DILLSBURG, Pa. (WHTM) — A sycamore tree at Dillsburg Elementary has witnessed a lot in the past 38 years. New tricks, lots of games and perhaps some schoolyard crushes.
This tree happens to have a story of its own.
On January 31, 1971, Apollo 14 launches into space. Dave Williams, a member of the NASA space science data coordinated archive says, “Stuart Roosa, was the command module pilot and brought hundreds and hundreds of tree seeds with him to orbit the moon.”
“People have never heard of this and they are like ‘really, there’s trees that have been to the moon,'” Williams said.
Williams is in charge of archiving planetary data for NASA. He has been researching moon trees for over 20 years.
“There were five types, the sycamores, loblolly pines, sweet gums, Douglass fir and redwood. They bought them back to earth, they germinated them, they had these seedlings growing. So now there’s these trees that are growing from seeds that have been around the moon and back to earth growing all over the country, now we call the moon trees,” Williams said.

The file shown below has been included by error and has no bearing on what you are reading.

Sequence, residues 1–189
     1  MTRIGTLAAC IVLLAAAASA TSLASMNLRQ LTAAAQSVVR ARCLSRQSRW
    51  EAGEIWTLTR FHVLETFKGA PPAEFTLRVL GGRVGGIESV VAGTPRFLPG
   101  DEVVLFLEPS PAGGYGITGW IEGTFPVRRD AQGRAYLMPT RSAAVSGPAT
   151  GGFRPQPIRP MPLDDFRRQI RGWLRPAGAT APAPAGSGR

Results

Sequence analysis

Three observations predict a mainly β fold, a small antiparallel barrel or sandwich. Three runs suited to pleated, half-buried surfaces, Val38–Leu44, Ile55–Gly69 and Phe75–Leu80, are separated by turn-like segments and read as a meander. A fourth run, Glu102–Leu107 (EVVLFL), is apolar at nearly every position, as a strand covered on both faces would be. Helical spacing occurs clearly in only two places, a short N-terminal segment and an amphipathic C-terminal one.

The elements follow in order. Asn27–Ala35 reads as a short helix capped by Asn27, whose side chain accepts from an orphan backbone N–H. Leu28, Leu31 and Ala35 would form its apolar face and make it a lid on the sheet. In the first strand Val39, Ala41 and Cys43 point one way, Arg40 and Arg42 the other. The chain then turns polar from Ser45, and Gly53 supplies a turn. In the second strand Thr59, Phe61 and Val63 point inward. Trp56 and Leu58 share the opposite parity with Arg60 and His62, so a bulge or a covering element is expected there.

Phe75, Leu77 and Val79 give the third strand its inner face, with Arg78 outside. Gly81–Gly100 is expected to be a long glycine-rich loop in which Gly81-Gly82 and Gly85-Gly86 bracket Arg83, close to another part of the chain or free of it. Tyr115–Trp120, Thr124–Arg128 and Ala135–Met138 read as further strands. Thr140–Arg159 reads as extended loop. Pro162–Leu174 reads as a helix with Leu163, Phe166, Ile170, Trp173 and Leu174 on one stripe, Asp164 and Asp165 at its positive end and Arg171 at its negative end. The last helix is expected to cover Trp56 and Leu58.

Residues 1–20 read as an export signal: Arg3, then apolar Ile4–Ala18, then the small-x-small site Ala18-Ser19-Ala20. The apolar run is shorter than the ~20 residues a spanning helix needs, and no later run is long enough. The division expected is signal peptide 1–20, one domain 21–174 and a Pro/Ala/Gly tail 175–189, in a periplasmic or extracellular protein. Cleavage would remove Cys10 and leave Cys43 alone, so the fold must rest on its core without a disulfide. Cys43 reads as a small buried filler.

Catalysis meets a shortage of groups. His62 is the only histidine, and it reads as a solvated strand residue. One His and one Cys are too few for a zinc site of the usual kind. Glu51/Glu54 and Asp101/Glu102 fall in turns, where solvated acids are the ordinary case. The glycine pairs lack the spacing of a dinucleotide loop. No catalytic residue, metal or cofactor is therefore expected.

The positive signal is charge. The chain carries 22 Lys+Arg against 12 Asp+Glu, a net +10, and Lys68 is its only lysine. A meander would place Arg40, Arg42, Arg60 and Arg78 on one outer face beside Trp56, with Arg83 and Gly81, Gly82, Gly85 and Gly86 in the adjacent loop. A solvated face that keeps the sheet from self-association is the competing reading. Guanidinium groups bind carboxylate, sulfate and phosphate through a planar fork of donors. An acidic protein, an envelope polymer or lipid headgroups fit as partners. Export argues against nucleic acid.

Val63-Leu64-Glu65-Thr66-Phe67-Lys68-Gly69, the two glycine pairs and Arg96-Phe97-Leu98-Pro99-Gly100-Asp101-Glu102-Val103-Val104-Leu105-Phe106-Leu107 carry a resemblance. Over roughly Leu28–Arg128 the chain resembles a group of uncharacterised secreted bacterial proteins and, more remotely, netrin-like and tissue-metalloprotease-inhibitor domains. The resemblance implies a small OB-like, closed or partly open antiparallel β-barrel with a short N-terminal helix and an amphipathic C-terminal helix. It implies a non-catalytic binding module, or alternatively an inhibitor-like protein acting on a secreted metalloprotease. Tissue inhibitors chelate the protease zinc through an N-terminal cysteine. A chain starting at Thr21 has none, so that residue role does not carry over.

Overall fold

One of those trees ended up at Dillsburg Elementary and was planted on Arbor Day in 1983.
Jack Winieski now 90 years old, worked for the PA Bureau of Forestry when the tree was planted. “I was in a position where I could pull one off and treat it a little more carefully and put it where it is right now,” Winieski said.
“Trees have witnessed a lot of things and they still witness things,” Williams added.
Like Jennifer Gruber, she was a 5th grader at Dillsburg Elementary when the tree was planted.
“As an 11-year-old I was like, oh my goodness our tree went to the moon and it was so exciting, so for us it was a huge deal,” Gruber said.
Now she’s a 1st-grade teacher at the school. “I always make sure that they understand that’s a very special tree and why it is so special and they actually get really excited about it,” Gruber added.
Lyndsey Quintana, the principal at Dillsburg notes says, “A lot of arborists and different people that are interested in the moon tree come to Dillsburg just to visit this tree and learn more about it and apparently there is one group that calls every year that says is it still there?”
Because some of the moon trees did not survive.
So far about 100 moon trees have been identified in the U.S. Today, only 66 of them are still alive. Seven are in Pennsylvania, all of them are sycamore trees, only on here in the Midstate that we know of. Dave Williams with NASA is still trying to track them all down and has created a website to detail his effort.